The best studied aspect of childbearing in MS is the effect of pregnancy on relapse risk. According to the American Academy of Neurology's criteria for prognostic questions, the evidence is “moderate” for a decreased relapse rate during pregnancy (notably during the third trimester) and “moderate to strong” for an increased relapse rate postpartum relative to prepregnancy rates. In the first 3 months postpartum, up to 30% of women may relapse, and relapses may worsen long-term disability. Over the whole prepregnancy to postpregnancy period, the relapse risk appears to be similar to the nonpregnant state. Small observational imaging studies demonstrating increased inflammatory activity corroborate clinical reports. The increase in relapses postpartum coincides with dramatic hormonal shifts and loss of the immunotolerant state of pregnancy; the most studied of these is the rapid postpartum decline of estriol levels. Factors associated with but not necessarily predictive of postpartum relapses include high relapse rate in the prepregnancy year and during pregnancy and a higher disability level at conception.

Pregnancy reportedly has either no adverse effects on maternal MS progression and disability or a beneficial effect. Important confounders often overlooked in studies include reverse causation, whereby women with more severe disease are less likely to have children, and age at MS onset. Maternal age appeared to fully explain delay in disability progression in one large study but not in three others.

Fertility in women with MS could be affected by reproductive decision-making, decreased libido or sexual function, lower estrogen levels, thyroid autoimmunity, temporary therapy-related amenorrhea, or premature ovarian failure. Nevertheless, no reliable studies have demonstrated altered rates of fertility or use of assisted reproductive technology in women with MS. We encourage women to consider strategies (eg, ovulation predictors, fertility consultations) to increase the chance of conceiving while they are relatively healthy and not on any disease-modifying treatment.

Assistive reproductive technology accounts for at least 1% of live births in developed countries, and an increased MS relapse risk has been reported after assisted reproductive technology; this was most tied to unsuccessful cycles, and to ovulation stimulation with gonadotropin-releasing hormone agonists rather than antagonists. Confounding from timing of MS treatment interruption and emotional stressors has not been assessed. Dialogue between obstetric and neurologic teams is essential before assisted reproductive technology cycles.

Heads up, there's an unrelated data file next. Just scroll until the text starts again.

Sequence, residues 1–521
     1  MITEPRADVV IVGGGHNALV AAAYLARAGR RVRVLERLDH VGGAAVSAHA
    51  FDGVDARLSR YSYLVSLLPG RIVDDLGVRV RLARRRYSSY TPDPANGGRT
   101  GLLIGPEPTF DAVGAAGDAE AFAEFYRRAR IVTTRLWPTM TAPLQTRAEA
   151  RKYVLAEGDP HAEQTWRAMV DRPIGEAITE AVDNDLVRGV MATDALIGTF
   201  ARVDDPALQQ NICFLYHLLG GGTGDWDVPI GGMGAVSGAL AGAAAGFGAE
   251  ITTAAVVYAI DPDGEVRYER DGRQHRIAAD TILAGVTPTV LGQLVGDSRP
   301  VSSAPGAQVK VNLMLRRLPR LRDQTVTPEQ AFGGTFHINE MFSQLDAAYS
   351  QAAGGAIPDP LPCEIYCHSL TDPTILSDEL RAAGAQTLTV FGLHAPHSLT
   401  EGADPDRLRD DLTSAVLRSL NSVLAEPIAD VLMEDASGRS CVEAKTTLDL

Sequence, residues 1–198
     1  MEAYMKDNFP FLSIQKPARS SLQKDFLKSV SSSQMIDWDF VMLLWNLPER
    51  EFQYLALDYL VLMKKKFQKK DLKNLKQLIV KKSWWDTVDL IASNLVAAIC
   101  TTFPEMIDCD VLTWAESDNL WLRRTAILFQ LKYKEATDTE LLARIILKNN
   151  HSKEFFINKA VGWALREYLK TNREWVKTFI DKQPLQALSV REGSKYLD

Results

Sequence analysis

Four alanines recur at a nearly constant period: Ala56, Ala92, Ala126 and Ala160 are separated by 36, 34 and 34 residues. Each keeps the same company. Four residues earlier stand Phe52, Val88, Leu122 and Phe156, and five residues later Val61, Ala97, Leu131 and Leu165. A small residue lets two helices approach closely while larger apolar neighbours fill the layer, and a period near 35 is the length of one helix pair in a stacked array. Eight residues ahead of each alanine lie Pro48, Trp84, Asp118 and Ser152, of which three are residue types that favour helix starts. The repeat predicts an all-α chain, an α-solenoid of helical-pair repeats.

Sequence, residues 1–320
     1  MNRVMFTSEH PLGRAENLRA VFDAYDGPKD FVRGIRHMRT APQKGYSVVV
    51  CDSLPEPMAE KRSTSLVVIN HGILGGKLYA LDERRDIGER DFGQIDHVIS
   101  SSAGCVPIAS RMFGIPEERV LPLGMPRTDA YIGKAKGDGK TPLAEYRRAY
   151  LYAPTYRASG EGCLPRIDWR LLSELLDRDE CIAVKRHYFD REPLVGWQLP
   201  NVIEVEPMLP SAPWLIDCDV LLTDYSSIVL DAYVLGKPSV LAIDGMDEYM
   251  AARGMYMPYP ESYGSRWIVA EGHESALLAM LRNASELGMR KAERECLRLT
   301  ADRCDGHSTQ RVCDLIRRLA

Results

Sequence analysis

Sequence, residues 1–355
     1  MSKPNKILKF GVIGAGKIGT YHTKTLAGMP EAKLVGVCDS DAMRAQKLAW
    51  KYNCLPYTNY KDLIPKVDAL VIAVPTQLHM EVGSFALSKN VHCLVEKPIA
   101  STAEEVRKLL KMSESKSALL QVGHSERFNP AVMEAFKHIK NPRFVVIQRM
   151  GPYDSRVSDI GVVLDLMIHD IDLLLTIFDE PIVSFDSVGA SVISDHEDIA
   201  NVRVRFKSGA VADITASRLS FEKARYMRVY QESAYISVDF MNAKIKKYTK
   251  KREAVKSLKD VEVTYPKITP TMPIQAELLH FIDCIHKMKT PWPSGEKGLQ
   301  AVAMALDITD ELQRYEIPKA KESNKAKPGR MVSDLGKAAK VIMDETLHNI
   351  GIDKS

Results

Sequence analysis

Oral contraceptive use may be mildly protective for MS onset or course, but studies are conflicting  and may be confounded by the effect of oral contraceptives on delaying childbearing. Interaction studies between oral contraceptives and disease-modifying treatments are limited, and no MS-specific considerations in the choice of oral contraceptive are reported. Women discontinuing oral contraceptives for a pregnancy may be advised to use mechanical contraception and continue on their MS treatment until fully ovulatory to avoid prolonged treatment interruption.

In addition to routinely recommended prenatal vitamins and 0.4–1.0 g daily of folic acid,74 MS-specific preconception considerations include smoking cessation as a result of a possible role in disease progression, sleep hygiene counseling, and vitamin D supplementation. Optimal dosing of vitamin D during pregnancy remains unknown: supranormal serum levels should be avoided, and 1,000–2,000 IU daily is believed to be safe.

Women may be concerned about risk of transmission of MS to their children. Multiple sclerosis is associated with environmental and genetic risk factors with a complex genetic pattern with more than 100 genetic susceptibility loci identified.88 Children born to a woman with MS have a 20–50 times increased risk of developing MS compared with the general population, but the absolute risk is relatively low (3–5%). Children born to parents who both have MS have a greater than 20% risk of developing MS later in life. Predictive testing is not available for MS.